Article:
SASKATOON – The University of Saskatchewan (U of S) saw close to a 30 per cent increase in Aboriginal enrollment this semester compared to last fall.
There are currently close to 2,000 aboriginal students enrolled at the university.
The university is actively reaching out to First Nations communities across the province in an effort to get more aboriginal students on campus, says Candace Wasacase-Lafferty, the University of Saskatchewan First Nations and Métis Engagement Director at its English River facility.
Saskatchewan’s non-aboriginals who do not finish high school are employed at a rate close to 25 per cent higher than First Nations people who are of the same educational level.
However, that gap almost disappears if you compare both groups when they achieve a university degree, according to the Saskatchewan Labour Market Commission
“You’re on your way to that degree and then you have made your life better for yourself, your family, your future generation, so that gap is critical for us,” said Wasacase-Lafferty.
The English River facility is located on land owned by the First Nation, just south of Saskatoon. The facility reaches out to First Nations communities in Saskatchewan and provides cultural and spiritual support for aboriginal students once they step onto the university’s campus.
“They’re comfortable; they kind of settle into their studies a little better because they know there’s a connection to home, even if it’s a spiritual connection,” said Robert Badger, the facility’s cultural coordinator.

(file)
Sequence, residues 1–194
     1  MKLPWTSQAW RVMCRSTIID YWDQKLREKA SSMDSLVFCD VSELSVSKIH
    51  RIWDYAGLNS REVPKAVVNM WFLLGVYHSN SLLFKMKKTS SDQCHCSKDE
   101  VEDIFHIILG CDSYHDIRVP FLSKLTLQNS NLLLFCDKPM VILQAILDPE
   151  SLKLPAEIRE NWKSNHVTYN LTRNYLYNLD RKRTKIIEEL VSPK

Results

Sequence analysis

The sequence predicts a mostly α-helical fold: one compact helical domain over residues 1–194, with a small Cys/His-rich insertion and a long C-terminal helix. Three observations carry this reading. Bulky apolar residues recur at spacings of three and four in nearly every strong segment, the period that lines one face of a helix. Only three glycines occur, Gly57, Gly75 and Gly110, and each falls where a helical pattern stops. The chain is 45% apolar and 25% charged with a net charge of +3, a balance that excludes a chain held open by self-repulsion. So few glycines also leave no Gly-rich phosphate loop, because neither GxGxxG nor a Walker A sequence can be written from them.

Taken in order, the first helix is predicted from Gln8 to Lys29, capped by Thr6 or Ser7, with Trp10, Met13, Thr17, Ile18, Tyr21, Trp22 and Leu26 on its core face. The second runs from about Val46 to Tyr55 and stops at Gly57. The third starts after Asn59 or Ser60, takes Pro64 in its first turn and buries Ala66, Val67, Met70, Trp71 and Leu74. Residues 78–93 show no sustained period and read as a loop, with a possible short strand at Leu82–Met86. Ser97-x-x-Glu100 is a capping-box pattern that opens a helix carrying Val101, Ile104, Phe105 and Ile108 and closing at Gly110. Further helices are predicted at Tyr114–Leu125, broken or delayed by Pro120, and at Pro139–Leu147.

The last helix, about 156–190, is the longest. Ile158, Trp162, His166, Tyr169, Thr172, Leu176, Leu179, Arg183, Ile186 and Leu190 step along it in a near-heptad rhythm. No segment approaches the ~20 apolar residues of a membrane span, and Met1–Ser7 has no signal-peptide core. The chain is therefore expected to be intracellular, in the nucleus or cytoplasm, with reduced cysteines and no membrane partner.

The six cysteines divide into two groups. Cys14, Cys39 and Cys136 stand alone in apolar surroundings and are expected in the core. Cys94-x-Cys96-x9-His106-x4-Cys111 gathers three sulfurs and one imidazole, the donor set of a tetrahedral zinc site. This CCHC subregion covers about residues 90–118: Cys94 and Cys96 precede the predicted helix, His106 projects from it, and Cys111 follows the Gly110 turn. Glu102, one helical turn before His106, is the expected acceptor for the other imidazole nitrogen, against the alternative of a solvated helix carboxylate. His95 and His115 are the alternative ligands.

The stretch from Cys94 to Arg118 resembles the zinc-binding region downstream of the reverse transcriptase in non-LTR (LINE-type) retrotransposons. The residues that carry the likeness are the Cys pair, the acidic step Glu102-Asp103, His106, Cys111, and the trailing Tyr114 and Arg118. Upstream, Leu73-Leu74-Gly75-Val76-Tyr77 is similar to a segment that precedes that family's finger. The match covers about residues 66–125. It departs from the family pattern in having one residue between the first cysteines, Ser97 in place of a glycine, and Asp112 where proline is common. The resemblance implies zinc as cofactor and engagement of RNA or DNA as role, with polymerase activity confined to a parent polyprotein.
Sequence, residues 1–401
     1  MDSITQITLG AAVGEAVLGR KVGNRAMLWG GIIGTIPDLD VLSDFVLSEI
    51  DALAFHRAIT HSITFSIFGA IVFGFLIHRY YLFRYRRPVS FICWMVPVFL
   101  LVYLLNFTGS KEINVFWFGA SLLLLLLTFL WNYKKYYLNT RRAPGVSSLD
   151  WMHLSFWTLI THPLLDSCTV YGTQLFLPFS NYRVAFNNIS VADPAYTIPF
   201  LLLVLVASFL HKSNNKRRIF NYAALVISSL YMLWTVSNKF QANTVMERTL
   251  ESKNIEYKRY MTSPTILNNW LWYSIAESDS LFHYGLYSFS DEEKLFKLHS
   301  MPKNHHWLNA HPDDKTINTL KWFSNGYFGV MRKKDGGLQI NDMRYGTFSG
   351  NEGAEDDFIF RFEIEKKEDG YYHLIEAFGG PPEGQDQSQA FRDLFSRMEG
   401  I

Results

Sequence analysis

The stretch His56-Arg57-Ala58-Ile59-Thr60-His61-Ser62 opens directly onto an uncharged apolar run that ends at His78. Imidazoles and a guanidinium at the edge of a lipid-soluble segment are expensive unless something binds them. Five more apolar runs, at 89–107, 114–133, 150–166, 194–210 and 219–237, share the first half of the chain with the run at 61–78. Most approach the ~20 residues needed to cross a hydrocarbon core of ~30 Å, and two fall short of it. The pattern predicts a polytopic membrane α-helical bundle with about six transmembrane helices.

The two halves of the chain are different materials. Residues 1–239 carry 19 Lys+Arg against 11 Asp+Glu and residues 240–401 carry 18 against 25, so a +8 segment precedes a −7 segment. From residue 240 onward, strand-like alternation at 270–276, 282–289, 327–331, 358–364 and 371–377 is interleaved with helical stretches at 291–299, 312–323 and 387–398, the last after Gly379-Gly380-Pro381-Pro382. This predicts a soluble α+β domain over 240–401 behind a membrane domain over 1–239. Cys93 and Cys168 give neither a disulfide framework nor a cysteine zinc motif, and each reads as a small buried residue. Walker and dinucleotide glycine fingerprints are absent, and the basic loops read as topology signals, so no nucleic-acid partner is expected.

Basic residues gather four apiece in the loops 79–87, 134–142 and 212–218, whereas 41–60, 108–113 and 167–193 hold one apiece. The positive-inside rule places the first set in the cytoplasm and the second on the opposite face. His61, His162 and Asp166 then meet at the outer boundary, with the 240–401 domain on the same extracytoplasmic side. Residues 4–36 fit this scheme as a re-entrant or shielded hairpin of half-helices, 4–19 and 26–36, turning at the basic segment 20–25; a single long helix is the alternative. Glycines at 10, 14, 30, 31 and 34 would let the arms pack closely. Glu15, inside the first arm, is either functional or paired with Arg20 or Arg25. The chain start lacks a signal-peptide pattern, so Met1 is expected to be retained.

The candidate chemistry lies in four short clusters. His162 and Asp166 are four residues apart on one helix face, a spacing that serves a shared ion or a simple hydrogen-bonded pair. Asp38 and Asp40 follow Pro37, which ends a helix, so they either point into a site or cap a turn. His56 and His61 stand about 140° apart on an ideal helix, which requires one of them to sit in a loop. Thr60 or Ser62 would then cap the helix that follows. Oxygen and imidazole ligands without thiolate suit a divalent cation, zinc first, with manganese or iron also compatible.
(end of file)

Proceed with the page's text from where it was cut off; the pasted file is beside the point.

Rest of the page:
On campus, students can find an inviting atmosphere at the Aboriginal Students’ Centre, according to one of its student ambassadors, J.D. Bell.
“In the [centre] there’s just a really tight community, everybody goes out of their way to make people feel welcome and when you come to a university, you don’t know your way around campus and you don’t know anybody,” said Bell, who’s in his first year at the U of S after transferring from the University of Regina.
Bell said he found comfort in the Aboriginal Students’ Centre during his initial days on campus. Feeling comfortable with your surroundings can translate into better grades in the classroom, he added.
“When they feel out of place they’re a little more timid in class,” said Bell.
“When they [to the centre] and start feeling like they do have a family, they’re not alone, they start feeling a little more comfortable, their marks, their classes, it becomes a more positive experience for them.”
© 2013 Shaw Media